You're also guaranteed to reach your fitness goals with our program that's tailored to each individual. You can keep to your own pace but we'll make sure you get results. We hope to see you soon!

Staff Picks – Best Workout Music

Mountain Trek's Staff Workout Songs

It's no secret that music has a massive effect on our mood. If you're feeling low, an upbeat song can lift you right up. Or if you're feeling stressed, a relaxing tune can help soothe the soul. By coordinating the music you’re listening to with the mood you’d like to be in, you can train your brain to engage in positive vibes.

To that end, we asked the staff at Mountain Trek what kind of music they like to listen to when exercising. We all know it can be challenging to get up off the couch sometimes and what can help the process is cranking some tunes to get you motivated.

Here are our staff's picks for best workout music:

Jennifer Keirstead – Nutritionist and Guide Jennifer Keirstead, Nutritionist at Mountain Trek

"These are the songs I like to play when I wanted to get pumped up! LOL. That said, I know everyone's taste in music is different but I think a lot of people will agree these songs definitely inspire you to move around."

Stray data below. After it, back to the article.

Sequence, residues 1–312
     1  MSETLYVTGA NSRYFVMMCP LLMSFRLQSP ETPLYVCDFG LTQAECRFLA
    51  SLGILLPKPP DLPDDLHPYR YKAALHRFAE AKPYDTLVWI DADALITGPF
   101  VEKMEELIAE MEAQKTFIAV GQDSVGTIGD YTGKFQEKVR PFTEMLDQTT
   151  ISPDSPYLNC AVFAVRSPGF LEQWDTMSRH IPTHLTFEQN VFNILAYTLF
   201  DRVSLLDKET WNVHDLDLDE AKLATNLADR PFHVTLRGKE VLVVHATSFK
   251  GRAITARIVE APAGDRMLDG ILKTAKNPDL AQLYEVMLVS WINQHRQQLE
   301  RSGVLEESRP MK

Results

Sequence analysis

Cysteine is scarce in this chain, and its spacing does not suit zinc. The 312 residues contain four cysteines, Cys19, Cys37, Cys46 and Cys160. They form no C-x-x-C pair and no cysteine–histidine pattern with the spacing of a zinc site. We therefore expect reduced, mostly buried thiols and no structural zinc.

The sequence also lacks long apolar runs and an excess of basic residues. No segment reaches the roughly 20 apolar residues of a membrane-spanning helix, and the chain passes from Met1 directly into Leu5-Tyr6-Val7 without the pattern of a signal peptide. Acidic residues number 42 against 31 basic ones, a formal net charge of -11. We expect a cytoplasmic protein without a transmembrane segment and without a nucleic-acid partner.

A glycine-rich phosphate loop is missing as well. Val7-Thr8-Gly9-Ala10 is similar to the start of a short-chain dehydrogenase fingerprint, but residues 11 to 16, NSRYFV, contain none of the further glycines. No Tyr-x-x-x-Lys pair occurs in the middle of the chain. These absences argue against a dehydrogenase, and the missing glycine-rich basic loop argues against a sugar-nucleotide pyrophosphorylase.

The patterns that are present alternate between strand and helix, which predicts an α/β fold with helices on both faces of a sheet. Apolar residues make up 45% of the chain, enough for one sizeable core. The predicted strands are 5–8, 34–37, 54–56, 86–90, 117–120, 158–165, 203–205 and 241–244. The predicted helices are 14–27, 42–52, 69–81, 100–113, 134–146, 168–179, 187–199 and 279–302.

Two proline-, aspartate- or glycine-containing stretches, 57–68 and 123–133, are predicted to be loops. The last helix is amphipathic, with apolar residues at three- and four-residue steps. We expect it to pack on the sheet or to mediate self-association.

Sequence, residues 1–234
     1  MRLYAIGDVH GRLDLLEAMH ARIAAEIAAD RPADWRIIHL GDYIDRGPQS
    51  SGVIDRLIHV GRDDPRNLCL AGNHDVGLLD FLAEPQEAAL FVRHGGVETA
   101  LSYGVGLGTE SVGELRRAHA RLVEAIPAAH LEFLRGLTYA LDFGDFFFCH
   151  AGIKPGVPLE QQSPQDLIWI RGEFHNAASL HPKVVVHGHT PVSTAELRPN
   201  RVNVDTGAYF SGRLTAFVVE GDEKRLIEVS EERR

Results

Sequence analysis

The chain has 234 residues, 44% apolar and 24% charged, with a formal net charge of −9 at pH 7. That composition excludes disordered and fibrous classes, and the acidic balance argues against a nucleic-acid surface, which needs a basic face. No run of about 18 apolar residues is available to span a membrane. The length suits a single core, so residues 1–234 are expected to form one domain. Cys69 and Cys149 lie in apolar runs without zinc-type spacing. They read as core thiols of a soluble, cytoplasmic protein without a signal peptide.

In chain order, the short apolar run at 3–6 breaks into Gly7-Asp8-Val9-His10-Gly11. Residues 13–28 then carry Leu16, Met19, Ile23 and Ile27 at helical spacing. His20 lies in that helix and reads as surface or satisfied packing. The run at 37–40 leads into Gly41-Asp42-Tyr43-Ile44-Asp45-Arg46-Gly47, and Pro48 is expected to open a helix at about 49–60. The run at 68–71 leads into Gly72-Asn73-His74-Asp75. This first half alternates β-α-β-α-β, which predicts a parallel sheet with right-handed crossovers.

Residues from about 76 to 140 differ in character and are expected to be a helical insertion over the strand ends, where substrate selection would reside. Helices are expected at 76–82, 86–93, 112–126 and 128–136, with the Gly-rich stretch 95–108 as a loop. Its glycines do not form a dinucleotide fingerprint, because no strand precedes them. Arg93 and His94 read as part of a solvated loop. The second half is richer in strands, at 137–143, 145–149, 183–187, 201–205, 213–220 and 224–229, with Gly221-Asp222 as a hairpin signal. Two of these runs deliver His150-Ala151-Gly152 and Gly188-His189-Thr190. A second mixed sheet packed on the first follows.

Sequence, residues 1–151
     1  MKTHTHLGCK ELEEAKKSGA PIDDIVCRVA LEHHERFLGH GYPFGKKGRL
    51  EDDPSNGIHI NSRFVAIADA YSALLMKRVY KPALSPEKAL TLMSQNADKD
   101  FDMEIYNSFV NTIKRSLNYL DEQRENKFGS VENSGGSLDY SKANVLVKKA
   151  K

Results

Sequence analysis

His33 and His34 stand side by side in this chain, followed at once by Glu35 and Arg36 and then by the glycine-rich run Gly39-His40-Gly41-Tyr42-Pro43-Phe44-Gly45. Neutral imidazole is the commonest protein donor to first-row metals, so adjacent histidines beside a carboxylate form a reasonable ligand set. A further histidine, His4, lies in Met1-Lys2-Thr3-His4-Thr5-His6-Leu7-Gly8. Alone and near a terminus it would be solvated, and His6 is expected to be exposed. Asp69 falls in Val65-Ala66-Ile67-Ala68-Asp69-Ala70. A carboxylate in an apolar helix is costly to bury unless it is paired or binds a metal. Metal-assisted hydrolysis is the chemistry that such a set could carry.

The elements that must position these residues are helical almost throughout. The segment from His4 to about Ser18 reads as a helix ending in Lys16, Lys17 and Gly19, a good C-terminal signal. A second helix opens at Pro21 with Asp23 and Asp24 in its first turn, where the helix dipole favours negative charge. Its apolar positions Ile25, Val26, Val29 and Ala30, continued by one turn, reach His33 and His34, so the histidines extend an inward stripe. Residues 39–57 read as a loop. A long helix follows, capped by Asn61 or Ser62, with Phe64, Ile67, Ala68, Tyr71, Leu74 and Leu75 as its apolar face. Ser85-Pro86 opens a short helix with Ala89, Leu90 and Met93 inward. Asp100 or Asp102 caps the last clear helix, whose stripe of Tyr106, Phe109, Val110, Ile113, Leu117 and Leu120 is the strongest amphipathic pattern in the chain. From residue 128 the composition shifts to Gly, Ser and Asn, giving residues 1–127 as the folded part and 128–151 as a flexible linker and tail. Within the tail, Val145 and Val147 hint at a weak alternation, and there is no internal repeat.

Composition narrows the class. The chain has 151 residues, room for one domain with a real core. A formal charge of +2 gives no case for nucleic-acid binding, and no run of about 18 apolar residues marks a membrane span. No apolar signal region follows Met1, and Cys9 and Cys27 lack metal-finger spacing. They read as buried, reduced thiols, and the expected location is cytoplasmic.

1. "Sinnerman" – Felix da Housecat Mix feat. Nina Simone
  2. "A Song for Our Grandfathers" – Future Islands
  3. "Every Other Freckle" – Alt-J
  4. "Is This It" – Asaf Avidan **Kulkid Remix
  5. "I Don't Feel Like Dancing" – Scissor Sisters

Cathy Grierson – Head Guide & Fitness Director Guides, Chefs & Staff

"I like listening to music when I work out in the gym but it's a good idea to remind everyone to take the headphones off when hiking in nature so as to enjoy the sounds around you. Here are the songs I love best to workout to when indoors:"

  1. "In2ition and misirlou" – 2 Cellos 
  2. "Jai ho" – Mumbai Dolls
  3. "Running down a dream" – Tom Petty
  4. "Runaway" – Ed Sheehan

Kirkland Shave – Program Director & Lead Guide Guides, Chefs & Staff

"These are the songs that pump me up!"

  1. "Pump It Up" – Elvis Costello & The Attractions
  2. "Chuis Bo" – PZK (feat. Dogg Soso)
  3. "Jump In the Line" – Harry Belafonte
  4. "Pipeline" – The Piperiders
  5. "Eternal (Jusqu'au matin)" – Le Weekend
  6. "Gumboots" – Paul Simon (with The Boyoyo Boys)
  7. "Mr. Saxobeat" – Alexandra Stan
  8. "Whip It" – Devo
  9. "Mambo Con Dancehall" – Brooklyn Funk Essentials
  10. "Sweet and Dandy" – Toots & The Maytals

Krista Van Ee – Hiking Guide Guides, Chefs & Staff

"These are the songs I like to listen to when running or working out":

  1. "I've Got Your Fire" – Jenn Grant
  2. "Happy" – Pharrell Williams
  3. "Disperate Youth" – Santigold
  4. "Beings" – Madeon
  5. "Kamikaze" – MO
  6. "Famous" – Charli xcx

Simon Shave – Sleep Specialist & Hiking Guide Guides, Chefs & Staff